BREAKTHROUGHS BLOG

August 05, 2014

A challenge that sparks innovation and saves lives

Senior Program Assistant
GHTC

“Innovation can’t take place if people say we don’t need new tools,” said Partners in Health Co-founder Paul Farmer at an event sponsored by the Saving Lives at Birth: A Grand Challenge for Development program last week in Washington, DC. And new tools were certainly on display at DevelopmentXChange 2014—a key component of the Saving Lives at Birth program. The DevelopmentXChange is an opportunity for hundreds of bright minds to come together and display groundbreaking prevention and treatment approaches for pregnant women and newborns in low- and middle-income countries. The event is also a time for key policymakers and decision makers to talk about the importance of science, research, and innovation for global health. Saving Lives at Birth—a partnership between the US Agency for International Development (USAID), the Bill & Melinda Gates Foundation, the Government of Norway, Grand Challenges Canada, and the UK Department for International Development—provides funding for a select group of finalists that offer the most innovative new tools.

Large crowds were spotted at the DevelopmentXChange Marketplace during the morning of the event.
Large crowds were spotted at the DevelopmentXChange Marketplace the morning of the event.

The DevelopmentXChange opened up with a marketplace where finalists of the Saving Lives at Birth challenge could display their innovations and demonstrate how these new tools could make a difference in the lives of mothers and children in low-resourced settings. Imagine a giant science fair where, instead of competing for a blue ribbon, the participants are competing for funding to make their innovation a reality. On display were several proposed innovations from GHTC members FHI 360, Jhpiego, and PATH. FHI 360 proposed a synchronized schedule for postpartum women to receive family planning services and for their newborns to receive immunizations and growth monitoring all at the same time. One of the innovations Jhpiego developed was the E-Partogram—an affordable, easy-to-use handheld electronic decision-making tool for preventing and managing complications during labor. PATH was one of many other organizations to address postpartum hemorrhage by developing heat-stabilized oxytocin—a common treatment for hemorrhaging women after childbirth—in a fast-dissolving oral tablet that would treat postpartum hemorrhage.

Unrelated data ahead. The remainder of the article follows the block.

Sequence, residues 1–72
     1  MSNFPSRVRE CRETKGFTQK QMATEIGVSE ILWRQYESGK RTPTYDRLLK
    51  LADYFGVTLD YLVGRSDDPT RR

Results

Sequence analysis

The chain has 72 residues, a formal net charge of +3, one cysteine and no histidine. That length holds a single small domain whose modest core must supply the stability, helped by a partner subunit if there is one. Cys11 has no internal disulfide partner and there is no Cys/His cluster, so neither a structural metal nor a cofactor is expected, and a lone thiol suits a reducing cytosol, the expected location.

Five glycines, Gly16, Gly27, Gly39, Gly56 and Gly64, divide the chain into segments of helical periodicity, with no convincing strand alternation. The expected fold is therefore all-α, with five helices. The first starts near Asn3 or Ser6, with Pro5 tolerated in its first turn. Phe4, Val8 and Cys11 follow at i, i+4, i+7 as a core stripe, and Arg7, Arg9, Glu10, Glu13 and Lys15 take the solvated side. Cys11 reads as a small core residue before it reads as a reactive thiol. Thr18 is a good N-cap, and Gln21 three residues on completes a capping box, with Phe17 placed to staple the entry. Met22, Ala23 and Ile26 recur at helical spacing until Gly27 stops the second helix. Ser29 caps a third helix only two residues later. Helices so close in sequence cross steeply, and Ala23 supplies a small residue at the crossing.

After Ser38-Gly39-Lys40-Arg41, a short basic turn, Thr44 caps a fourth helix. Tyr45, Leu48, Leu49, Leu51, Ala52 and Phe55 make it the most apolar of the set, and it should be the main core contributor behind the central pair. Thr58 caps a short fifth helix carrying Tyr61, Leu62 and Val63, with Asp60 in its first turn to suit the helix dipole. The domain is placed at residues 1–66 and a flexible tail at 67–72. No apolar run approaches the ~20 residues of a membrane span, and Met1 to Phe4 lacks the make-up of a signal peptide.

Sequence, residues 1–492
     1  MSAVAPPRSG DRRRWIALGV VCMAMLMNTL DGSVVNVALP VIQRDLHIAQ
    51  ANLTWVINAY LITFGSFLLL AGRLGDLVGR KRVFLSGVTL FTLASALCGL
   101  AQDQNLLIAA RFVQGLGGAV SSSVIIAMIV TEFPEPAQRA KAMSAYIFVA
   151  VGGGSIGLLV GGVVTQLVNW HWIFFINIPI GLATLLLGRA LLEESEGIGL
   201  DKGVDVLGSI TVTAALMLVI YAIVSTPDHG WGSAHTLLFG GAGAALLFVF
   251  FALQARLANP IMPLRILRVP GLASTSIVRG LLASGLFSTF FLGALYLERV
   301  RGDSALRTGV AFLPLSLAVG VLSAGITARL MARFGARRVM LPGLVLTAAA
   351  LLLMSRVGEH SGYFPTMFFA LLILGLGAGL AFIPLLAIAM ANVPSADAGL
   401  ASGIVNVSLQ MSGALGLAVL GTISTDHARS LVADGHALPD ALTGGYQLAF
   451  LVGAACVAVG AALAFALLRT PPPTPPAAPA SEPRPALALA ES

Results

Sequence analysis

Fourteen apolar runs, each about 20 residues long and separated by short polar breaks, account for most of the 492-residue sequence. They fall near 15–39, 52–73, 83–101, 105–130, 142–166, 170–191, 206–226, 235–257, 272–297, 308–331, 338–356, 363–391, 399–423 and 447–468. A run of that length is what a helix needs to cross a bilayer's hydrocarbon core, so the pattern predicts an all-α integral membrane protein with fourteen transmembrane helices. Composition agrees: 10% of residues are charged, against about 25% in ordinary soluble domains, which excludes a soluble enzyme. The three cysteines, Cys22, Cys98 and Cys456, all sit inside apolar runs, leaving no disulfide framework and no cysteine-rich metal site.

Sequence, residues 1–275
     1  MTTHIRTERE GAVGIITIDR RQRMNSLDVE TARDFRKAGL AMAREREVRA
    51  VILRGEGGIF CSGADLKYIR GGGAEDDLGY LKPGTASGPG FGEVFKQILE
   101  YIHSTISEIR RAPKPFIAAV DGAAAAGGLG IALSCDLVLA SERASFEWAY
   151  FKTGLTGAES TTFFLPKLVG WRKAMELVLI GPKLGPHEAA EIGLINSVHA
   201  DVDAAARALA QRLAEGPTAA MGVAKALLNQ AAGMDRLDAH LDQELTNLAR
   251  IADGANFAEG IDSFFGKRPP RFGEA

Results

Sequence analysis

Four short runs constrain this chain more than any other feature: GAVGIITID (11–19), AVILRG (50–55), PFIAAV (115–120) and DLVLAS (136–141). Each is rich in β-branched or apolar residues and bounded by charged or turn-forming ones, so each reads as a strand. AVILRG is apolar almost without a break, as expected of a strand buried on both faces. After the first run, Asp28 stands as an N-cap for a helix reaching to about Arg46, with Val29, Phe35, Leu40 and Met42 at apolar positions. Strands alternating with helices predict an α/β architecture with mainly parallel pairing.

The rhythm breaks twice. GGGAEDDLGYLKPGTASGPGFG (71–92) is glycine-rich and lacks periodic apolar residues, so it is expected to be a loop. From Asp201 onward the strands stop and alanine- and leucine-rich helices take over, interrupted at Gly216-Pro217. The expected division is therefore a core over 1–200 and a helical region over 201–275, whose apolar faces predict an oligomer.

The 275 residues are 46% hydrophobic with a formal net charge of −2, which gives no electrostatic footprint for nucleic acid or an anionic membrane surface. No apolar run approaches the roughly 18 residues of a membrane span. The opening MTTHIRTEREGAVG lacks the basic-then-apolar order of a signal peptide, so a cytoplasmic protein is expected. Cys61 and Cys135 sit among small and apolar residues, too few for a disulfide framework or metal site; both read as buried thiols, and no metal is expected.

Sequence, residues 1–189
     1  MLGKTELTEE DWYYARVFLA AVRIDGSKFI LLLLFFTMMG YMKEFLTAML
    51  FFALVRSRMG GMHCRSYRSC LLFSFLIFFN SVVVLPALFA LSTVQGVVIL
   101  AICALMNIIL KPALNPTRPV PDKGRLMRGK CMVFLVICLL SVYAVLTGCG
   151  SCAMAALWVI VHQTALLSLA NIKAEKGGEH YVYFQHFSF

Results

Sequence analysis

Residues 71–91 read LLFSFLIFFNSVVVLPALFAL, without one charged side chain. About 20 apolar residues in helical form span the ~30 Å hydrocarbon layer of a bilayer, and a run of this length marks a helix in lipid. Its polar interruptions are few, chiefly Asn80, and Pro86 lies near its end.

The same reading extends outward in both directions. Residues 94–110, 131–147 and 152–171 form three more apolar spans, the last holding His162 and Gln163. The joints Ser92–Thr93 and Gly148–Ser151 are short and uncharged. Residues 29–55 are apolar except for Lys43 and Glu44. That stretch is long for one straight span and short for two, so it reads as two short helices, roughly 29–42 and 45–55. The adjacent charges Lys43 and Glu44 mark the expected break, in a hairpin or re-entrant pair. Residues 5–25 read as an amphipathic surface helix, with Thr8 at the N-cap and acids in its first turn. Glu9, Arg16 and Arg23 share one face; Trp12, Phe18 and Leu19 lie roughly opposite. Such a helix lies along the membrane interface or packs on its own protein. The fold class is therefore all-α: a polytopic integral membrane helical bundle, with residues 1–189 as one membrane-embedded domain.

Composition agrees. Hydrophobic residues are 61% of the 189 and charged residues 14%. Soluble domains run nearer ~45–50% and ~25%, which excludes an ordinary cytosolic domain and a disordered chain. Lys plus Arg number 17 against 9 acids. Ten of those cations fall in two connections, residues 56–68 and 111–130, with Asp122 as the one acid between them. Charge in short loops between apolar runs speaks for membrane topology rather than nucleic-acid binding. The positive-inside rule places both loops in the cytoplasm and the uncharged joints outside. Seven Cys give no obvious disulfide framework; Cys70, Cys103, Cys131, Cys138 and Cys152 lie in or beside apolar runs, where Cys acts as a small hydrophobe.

USAID Administrator Raj Shah addresses the crowd at the DevelopmentXChange Forum
USAID Administrator Raj Shah addresses the crowd at the DevelopmentXChange Forum

After the marketplace, policymakers, scientists, members of the global health community, and the Saving Lives at Birth finalists gathered together for the DevelopmentXChange Forum, which included opening remarks from USAID Deputy Assistant Administrator for Global Health Katie Taylor, USAID Administrator Raj Shah, and Paul Farmer. Administrator Shah commended many of the past year’s innovations for making a real difference in the lives of women and children, and commented on how the Saving Lives at Birth program influenced the creation of USAID’s new Global Development Lab.

The rest of the forum featured innovators from all over the world, including past Saving Lives at Birth challenge winners. One of the innovations featured at the forum was a new, low-cost device that assists in delivering babies when complications occur in the second stage of labor. The device—called the Odon Device—was originally thought of by an Argentine mechanic named Jorge Odon when he was thinking about how to get a cork out of a bottle one night. The Odon device is made of a film-like polyethylene material and could be a safer and easier way to deliver complicated births rather than using than forceps or a vacuum extractor. After Mr. Odon partnered with Becton, Dickinson and Company, and received funding from Saving Lives at Birth at last year’s DevelopmentXChange, the Odon Device was finally ready for full development. Now the device is being tested in clinical trials and—if approved—has the potential for wide application in resource poor settings.

If there was one thing very apparent during the day, it was that great, life-saving ideas can come from anyone—no matter what they do or where they live. Saving Lives at Birth is a good example of a mechanism that brings governments, foundations, and for-profit companies together to encourage creativity and innovation to tackle some of the world’s most pressing problems. The day concluded with Wendy Taylor—director of USAID’s Center for Accelerating Innovation and Impact—announcing the winners of the Saving Lives at Birth challenge. GHTC members PATH and FHI 360 both won seed grants to get their ideas up and running so that one day they could have the potential to protect and improve the lives of mothers and children all over the world. GHTC congratulates all of the challenge winners and is inspired by every single one of the innovators who were at this year’s DevelopmentXChange.

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